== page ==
Is there really three ways to add numbers? OK, OK! There’s way more than three ways! So what do we mean? Well, initially when children start to add things together they “count all” which basically means exactly how it sounds, you count everything you have in front of you. In England, we normally start off with two strategies for addition. These are

1. Count all – Counting everything in a systematic way so not to count anything twice
2. Count on – generally starting with the largest number and “adding on” the remainder

These two strategies are taught from reception onwards where a heavy emphasis is placed on counting on rather than counting all as this is the more efficient method. Many children still struggle with counting on as they have yet to form a clear understanding of number and are not sure why counting on works. Thankfully there are various strategies we use to make sense of it all for children aged 4-6 years old. One strategy is to start to understand counting on from an early age. How could we do this?

To begin with, let’s think about the superheroes above. How many superheroes can we see? Ohh 5, excellent – How did you know that was 5 without counting them all? Ohh every time the first row is full, we know it’s a 5! Excellent subitising everyone! Now I want you to look at another set of heroes, and try to work out how many superheroes we have, are you ready….?

What’s happened here? Ohh, you can see an extra hero? So how many are there now? What can we do to work this out? Can you talk to your partner and tell them what you did to work out how many there are altogether? Ohh some of us have counted each of the superhero’s – 1, 2, 3, 4, 5 and 6 but some of us did something different. Can you explain what you did? You saw that there was a 5? How did you know that? Ohh because you remembered that every time the row is complete, we have 5, well done! So what did you do after that? After 5 is 6, so you saw 5 and then counted one more, perfect, well done!

The above method briefly outlines a possible teacher-class interaction using ten-frames as a cue to add on. The teacher may not mention, the fact that they have used a strategy called adding on because that would formalise the lesson, but what would happen is the pupils would go through different questions which allow them to use what they know and ‘add on’ the rest. This approach is using both Zoltan Dienes’ theory,  where he informs us to use informal approaches to understanding concepts first before moving onto formalise learning and also Jerome Bruner’s Concrete Pictorial and Abstract (CPA) approach which is a very important aspect of learning for all children.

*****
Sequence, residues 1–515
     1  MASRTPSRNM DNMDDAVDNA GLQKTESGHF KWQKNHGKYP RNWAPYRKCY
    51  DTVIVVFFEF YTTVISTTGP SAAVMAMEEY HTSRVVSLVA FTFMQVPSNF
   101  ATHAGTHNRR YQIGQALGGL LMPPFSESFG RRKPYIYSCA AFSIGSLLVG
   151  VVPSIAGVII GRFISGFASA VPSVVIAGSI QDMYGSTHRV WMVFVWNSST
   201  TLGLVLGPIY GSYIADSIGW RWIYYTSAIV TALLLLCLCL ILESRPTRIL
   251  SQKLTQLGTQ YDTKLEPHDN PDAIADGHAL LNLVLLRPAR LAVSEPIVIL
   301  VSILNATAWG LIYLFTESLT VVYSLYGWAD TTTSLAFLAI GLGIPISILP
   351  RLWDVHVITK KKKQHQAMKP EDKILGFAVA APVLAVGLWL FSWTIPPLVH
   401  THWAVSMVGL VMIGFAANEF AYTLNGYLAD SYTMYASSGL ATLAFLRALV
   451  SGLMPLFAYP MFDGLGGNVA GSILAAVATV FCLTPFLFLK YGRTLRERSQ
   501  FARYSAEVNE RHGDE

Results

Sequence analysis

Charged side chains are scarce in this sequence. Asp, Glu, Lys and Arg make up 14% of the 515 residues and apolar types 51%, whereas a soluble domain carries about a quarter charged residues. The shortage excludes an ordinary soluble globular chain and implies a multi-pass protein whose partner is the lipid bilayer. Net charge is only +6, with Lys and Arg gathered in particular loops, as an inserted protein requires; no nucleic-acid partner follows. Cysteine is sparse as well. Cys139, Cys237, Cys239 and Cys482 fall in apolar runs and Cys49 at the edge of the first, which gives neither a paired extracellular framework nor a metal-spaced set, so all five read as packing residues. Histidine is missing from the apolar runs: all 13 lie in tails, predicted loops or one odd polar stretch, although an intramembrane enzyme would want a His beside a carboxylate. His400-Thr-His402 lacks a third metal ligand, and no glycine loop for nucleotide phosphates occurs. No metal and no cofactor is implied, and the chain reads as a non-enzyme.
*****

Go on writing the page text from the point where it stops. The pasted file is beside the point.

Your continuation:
Making Ten – A third strategy for addition

Addition using ten-frames doesn’t stop there, however. As our specialism is in Singapore Maths, we would like to introduce a third way to add called ‘Make 10’. This method may not be taught in Reception but you will see this in the Singapore Maths (UK Curriculum) books from Year 1 onwards. It is exactly how it sounds, you encourage children to make 10. In essence, it is something we do often in mental maths but we find it more difficult to teach this method and so the CPA approach really does help to demonstrate this important strategy. Take for example 9+6….

This looks interesting! We have 9 superheroes in one of our ten-frames and 6 in another. Can you see that we are just one away from a ten in the first ten-frame? And we have one sticking out in the second ten-frame?

Ahh, we can move that 1 from 6 and give it to the ten-frame with 9, but what would that mean to the numbers? What would happen? Ok, so when you take 1 from 6, does that mean we still have 6? That’s right, we now have one less, which is? 5, well done. And we gave that 1 to 9, look at your ten-frame, when we give 1 to the 9 what does that make? So we have 10 and 5? So what do we get when we add 6 to 9?

To summarise the strategy, pupils are encouraged to make 10 using their number bond knowledge. They do this by splitting the smaller number so that you can make 10 with a part of the smaller number and then add the remaining part. In the above example, 6 became 5 and 1 and the 1 was used to make 10. This is a very effective approach and can be used further down the line when looking at addition with two digits. For example 19+16=20+15; using just abstract approaches is definitely not as effective as if you used a ten-frame for this example. Have a go and let us know what you think.

Strategies for addition using ten-frames is easier to understand than just using abstract tools to show something which can be fairly complicated for children. Understanding the strategy goes a long way especially if you are thinking of mastery. Memorising strategies will only work for a select few groups in a class and the others will fall behind and rely on inefficient strategies such as count all. This is why using a hands-on approach and tools, such as ten-frames, to demonstrate and illustrate ideas can be so much more effective.